In 1975 Uganda hosted the 12th summit of the OAU.   It was an exciting time for us.  I was in P6 (in primary school).  For a while our curriculum, and the games we played, focused on general knowledge about the continent.  We had to learn the names of all the countries in Africa, their capital cities, recognise their flags, their presidents – we were all caught up in the preparations. As part of those preparations Government decided that certain primary and secondary schools would take part in a ceremony at Nakivubo Stadium.  The secondary schools would take part in marching and gymnastic displays.  The primary schools would be part of creating huge, colourful murals as a back ground to the older schools.  If you school was involved it was compulsory for all P5, 6 and 7 pupils.  If you were absent you would be expelled.  At least, that is what I heard – and being expelled was not an option.

Weeks, maybe months before the ceremony we would go daily to Nakivubo to practice.  It was always overwhelming!  There were crowds and crowds of children, and soldiers.  Our parents dropped us quite a distance away from the entrance and we had to somehow find our way to our school group.  I was afraid of large crowds and even more afraid of the soldiers so those few minutes while I looked for my school group were always excruciating.  Once we were all together we would go to the stands, opposite the main VIP building.  Each school had particular rows assigned to them and each pupil a row and seat number.  There were hundreds of us!  We were each handed a large A3 book with your row and seat number.  It was made of cardboard with brightly coloured, numbered pages.  Our job was to turn the pages at a particular time and thus create the murals.  Our ‘conductor’ was positioned behind the seats of the VIPs, and they would signal to which page we should turn and exactly when we should turn.  We practiced until we could turn them as if we were one person.  Each time we turned a page the mural would change, in synch with the marching and gymnastic activities on the field below.  We worked every day, all day, in the sun, and hid under the stalls if it rained.

As the days went by we got to know the other children who were there.  We began to make friends with the children near to us.  We also began also to recognise the secondary schools and other role players.  There was one group that stood out  – the recruits to the army, or Kurutus as they were being called.  I was terrified of them – even though they were not really Army men.  Over the weeks we began to notice a kind of rivalry between the ‘Kurutus’ and the boys from one of the local high schools.  It must have been Kololo High or Kampala High.  They always seemed to be taunting each other.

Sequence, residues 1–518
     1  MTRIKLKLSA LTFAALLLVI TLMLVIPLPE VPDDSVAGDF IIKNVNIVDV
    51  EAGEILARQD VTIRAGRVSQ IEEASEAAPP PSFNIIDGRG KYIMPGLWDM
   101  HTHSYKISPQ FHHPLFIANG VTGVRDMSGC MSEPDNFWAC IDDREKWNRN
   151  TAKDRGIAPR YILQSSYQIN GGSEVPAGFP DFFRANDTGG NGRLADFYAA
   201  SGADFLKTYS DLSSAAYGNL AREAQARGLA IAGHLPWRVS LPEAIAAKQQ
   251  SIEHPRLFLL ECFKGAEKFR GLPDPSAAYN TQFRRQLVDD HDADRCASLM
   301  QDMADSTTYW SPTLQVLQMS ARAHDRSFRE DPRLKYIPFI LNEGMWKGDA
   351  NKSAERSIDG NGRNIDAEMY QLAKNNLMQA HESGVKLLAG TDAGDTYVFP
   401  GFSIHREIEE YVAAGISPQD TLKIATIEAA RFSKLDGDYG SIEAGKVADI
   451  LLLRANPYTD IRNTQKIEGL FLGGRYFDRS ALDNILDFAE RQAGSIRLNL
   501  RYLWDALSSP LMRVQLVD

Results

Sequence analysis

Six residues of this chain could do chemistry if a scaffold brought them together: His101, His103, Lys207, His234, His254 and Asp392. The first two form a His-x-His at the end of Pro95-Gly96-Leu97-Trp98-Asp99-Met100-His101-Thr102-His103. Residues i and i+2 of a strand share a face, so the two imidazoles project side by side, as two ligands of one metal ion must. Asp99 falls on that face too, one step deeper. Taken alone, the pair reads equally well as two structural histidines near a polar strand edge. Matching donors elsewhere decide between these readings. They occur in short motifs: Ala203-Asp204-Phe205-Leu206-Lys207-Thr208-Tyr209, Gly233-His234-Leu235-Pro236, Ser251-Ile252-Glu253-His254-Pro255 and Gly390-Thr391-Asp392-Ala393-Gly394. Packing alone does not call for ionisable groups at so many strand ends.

One day, as we ate lunch the taunting became worse.  One minute they were jeering each other, the next there was a fight on the field.  Boys fighting with young men in army fatigues. Boys running away from the Kurutus.  Blows being exchanged.  And then the Kurutus picked up the big sticks that they had been using as guns in their marching and started chasing the boys and beating them up… Some of the boys were hiding behind a stack of cases of Soda and they started throwing soda-bottle-missiles to the Kurutus.  We ran screaming under the stands huddled together, watching in horror as the Kurutus circled a few boys and BEAT them up.  I believe that one of the boys died – I don’t know for sure – but he was beaten up so badly that an ambulance took him away.

That was the first time I saw the army unleashed on civilians.

We went home shaken that day. My parents told me that I should stop going but my fear of being absent was far greater than my fear of what happened.   I thought that the powers that be would come home and take me, or hurt my parents, and nothing would put me at ease.  I was hysterical at the thought of being absent.  And so I went back, as did many of the other children – and whenever I saw a soldier or a Kurutu, I would take the longer way to wherever I was going.

On the day of our performance we were all there bright and early.  Clean uniforms, polished shoes and sunburnt faces and arms peeling, our hearts still bruised with the loss of our innocence. We watched them arrive in the new Mercedes Benzs, guessing by the flag who was arriving.  Our performance for the Heads of State went well – they were so impressed, and none of them knew the what it cost us to be there.